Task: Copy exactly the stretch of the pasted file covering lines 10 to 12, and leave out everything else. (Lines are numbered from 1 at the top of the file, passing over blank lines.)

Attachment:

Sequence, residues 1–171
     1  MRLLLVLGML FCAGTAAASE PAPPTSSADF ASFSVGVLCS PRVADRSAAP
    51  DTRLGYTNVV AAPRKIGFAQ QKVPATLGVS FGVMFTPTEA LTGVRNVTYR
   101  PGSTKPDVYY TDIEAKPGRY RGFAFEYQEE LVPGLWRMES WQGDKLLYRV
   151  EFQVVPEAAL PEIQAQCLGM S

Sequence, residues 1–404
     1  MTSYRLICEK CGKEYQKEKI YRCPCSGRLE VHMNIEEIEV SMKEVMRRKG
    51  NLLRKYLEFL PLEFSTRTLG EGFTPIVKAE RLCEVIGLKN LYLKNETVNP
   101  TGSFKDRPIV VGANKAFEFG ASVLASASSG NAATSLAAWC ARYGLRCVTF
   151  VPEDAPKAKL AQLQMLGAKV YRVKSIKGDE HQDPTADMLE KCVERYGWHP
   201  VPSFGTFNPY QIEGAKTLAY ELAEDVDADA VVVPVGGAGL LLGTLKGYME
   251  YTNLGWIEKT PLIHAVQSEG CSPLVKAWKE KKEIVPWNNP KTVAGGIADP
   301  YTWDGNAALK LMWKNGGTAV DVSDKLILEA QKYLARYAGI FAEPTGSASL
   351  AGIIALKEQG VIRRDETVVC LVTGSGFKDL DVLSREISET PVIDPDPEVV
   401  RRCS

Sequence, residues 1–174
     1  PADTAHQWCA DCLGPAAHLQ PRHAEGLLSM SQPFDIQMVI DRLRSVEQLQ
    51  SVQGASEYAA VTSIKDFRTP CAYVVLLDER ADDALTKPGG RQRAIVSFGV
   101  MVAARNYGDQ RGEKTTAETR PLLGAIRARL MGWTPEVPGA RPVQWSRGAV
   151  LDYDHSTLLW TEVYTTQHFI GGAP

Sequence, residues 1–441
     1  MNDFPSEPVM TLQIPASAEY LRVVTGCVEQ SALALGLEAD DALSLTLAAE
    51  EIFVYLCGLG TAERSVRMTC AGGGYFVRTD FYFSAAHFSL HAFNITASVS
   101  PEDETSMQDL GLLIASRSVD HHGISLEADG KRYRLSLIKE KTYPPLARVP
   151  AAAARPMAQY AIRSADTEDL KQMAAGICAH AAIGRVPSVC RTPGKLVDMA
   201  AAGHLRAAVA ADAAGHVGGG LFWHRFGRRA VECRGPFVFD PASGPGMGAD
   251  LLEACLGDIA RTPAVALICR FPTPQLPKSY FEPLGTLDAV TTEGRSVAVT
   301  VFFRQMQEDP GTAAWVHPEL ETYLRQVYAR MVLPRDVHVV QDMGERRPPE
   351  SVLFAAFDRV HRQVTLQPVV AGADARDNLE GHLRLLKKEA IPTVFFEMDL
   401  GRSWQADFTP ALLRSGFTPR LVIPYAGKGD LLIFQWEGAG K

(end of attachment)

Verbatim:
   151  VPEDAPKAKL AQLQMLGAKV YRVKSIKGDE HQDPTADMLE KCVERYGWHP
   201  VPSFGTFNPY QIEGAKTLAY ELAEDVDADA VVVPVGGAGL LLGTLKGYME
   251  YTNLGWIEKT PLIHAVQSEG CSPLVKAWKE KKEIVPWNNP KTVAGGIADP